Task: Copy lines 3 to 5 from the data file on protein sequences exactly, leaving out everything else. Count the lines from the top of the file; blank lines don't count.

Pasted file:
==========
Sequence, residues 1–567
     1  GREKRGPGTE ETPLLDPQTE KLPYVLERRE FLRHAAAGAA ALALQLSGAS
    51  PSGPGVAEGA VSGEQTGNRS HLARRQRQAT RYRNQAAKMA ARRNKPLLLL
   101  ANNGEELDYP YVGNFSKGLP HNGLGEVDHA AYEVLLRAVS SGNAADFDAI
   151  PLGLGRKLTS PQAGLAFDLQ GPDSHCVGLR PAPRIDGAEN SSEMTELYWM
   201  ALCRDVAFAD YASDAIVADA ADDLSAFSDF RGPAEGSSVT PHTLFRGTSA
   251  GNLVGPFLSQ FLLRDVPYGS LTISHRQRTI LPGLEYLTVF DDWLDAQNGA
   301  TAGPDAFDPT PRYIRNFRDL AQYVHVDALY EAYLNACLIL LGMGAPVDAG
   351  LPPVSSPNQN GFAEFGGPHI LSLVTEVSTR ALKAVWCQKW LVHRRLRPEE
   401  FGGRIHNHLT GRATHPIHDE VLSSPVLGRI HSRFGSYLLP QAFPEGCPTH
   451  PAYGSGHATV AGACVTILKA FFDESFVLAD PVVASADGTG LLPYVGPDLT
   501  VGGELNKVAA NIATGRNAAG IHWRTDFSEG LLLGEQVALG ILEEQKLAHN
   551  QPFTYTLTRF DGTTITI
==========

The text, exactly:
    51  PSGPGVAEGA VSGEQTGNRS HLARRQRQAT RYRNQAAKMA ARRNKPLLLL
   101  ANNGEELDYP YVGNFSKGLP HNGLGEVDHA AYEVLLRAVS SGNAADFDAI
   151  PLGLGRKLTS PQAGLAFDLQ GPDSHCVGLR PAPRIDGAEN SSEMTELYWM